I've spent 40 years writing and perhaps 75 percent of the time I said out loud that I was a writer, I got people looking at their shoes, shaking their heads in quiet disbelief. They spent their lives hating the idea of writing anything. "Take it away, pal. I'm not fighting you for your job any time soon," they would say.
Now I review Upwork profiles. I try to be gentle, but I like being opinionated. One thing I see again and again are new members who claim to be expert writers. This, essentially, is me writing to them.
I'll start the ball rolling. The first article I ever wrote was published by The New York Times in 1981. After a long, numbing period of inactivity, I wrote for 10-15 years or so doing pickup articles for regional tourist magazines and a local weekly that resembled a hometown Boston Phoenix or Village Voice. I then started writing for agricultural trade magazines, then a sports magazine that catered to college athletic departments.
After this, I started working for three weekly newspapers with all the trimmings, which means 60 hour weeks, sub-human pay, late night school board meetings, covering every snail crossing or barn raising or bank robbery (although there were none of those in four years) in three different towns. Then I started freelancing again, this time for a richer audience. I was writing for the type of glossies you come across in bookstores. The work came with big checks, but they were too few and far between.
Then I got a job covering global finance for United Press International. While there I wrote 30,000 newsbriefs over the course of eight years, plus a daily economics column and two humor columns on the weekends.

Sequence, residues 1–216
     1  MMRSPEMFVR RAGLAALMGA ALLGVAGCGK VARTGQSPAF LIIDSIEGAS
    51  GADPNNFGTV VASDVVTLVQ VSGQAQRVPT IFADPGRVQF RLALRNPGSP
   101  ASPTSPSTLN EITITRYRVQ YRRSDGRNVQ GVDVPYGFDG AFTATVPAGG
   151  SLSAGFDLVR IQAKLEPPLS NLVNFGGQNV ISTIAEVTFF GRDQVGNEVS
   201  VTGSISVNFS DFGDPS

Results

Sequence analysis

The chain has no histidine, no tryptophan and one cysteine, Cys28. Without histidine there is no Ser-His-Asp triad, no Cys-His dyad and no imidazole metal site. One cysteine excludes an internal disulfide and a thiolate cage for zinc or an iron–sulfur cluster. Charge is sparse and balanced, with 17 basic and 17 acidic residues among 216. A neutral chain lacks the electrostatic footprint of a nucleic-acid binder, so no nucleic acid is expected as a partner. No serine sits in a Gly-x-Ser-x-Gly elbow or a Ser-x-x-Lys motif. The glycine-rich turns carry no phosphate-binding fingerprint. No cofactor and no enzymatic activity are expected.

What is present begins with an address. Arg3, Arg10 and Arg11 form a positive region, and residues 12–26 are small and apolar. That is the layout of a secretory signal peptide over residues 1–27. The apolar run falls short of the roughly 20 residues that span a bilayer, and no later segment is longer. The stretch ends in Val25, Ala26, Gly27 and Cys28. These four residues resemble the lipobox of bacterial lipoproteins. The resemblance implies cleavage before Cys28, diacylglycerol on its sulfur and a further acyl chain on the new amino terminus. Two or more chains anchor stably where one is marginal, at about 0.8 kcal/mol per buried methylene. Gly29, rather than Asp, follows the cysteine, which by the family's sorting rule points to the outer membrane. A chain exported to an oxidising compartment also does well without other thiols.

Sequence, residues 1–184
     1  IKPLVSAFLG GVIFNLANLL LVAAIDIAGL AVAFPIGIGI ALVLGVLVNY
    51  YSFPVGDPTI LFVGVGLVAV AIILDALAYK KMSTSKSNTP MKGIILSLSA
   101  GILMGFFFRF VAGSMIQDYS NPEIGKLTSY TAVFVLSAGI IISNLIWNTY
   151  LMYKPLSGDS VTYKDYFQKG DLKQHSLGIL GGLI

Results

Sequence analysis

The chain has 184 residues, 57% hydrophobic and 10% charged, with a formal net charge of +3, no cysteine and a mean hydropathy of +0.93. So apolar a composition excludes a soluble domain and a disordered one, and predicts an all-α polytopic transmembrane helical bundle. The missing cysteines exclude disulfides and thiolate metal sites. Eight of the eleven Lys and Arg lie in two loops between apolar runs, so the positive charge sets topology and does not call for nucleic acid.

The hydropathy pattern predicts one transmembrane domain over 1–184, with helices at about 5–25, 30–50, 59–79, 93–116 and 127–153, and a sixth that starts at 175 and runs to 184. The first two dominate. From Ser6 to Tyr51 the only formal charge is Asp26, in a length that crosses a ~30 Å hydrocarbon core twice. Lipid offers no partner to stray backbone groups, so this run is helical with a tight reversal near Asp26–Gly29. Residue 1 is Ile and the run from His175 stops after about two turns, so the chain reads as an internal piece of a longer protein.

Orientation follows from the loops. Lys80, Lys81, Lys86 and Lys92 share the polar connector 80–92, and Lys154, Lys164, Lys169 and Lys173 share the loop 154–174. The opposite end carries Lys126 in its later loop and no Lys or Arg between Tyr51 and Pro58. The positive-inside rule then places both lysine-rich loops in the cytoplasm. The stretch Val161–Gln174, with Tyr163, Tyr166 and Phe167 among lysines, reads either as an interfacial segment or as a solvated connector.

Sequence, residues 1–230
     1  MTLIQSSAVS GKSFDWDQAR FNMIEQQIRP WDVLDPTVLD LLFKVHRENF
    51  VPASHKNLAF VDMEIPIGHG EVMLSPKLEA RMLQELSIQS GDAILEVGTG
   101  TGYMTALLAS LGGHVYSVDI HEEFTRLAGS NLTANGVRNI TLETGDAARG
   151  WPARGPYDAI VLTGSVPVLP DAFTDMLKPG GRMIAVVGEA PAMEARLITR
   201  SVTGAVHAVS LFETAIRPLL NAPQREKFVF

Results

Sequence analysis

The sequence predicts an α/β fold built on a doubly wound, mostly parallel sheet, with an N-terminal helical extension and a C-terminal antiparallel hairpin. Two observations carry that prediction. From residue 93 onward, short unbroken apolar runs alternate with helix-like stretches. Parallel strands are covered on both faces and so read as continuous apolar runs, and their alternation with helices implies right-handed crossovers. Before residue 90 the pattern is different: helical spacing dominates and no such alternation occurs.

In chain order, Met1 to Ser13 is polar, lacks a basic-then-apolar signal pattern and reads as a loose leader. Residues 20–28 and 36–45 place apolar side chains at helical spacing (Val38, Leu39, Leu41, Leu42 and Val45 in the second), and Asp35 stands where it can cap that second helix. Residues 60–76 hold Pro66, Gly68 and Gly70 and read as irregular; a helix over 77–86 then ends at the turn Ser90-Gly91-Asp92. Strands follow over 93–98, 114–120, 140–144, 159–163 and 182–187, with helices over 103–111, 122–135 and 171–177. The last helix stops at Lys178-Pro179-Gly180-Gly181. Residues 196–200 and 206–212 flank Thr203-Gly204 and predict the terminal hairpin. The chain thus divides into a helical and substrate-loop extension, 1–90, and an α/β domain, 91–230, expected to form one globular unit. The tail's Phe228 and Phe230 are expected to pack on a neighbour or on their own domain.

UPI folded in 2014. About a year later, I joined Upwork.
Now, as I said, I review profiles -- it's become an amusing passtime. In doing this, I fiound out where all the new writers are coming from and I'm dismayed, troubled and shocked at their qualifications.
Many of these new writers say they have a passion for writing and accomplished some content writing along the way. To prove this is true, they post three or four photos in their portfolio that look a lot like magazine covers, but have no writing attached to them. "I wrote about agriculture," the profile says, and the proof they offer is a photograph of a tractor plowing a field.
Some of them are legit. They actually did write an article or two. They aren't very good, but it's a start.
The thing is, after two articles, with a genuine passion for writing or not, they claim to be experts.
I'm the type of guy who puts his head down and goes to work. I was a dairy farmer for 20 years. I don't look up very often and when I do I see the world has changed. It's frightening. Change is probably a good thing most of the time ... but I'm just trying to end this on a nice note. Change is also just plain scary some of the time.
I feel you. Designers face the same thing. Once, I read an article on the internet about the jobs anyone could do on Upwork and there it was graphic design (I don't remember if writing was there too). They claimed you just needed to know how to use Canva and you were set to look for clients on Upwork as a graphic designer! Now you have clients asking to make illustrations for $3/each because that's what other freelancers are offering (real story). It is frustrating and frightening, like you said.
The same goes for translation. People who barely know a foreign language, and have no talent or skills in writing in their own native language, claim to be translators.
In the beginning, I felt scandalised and offended about that. Now, I think it is just a matter of time before the vast majority of those cheaters end up in the "trashbin of history" (quoting one of my colleagues).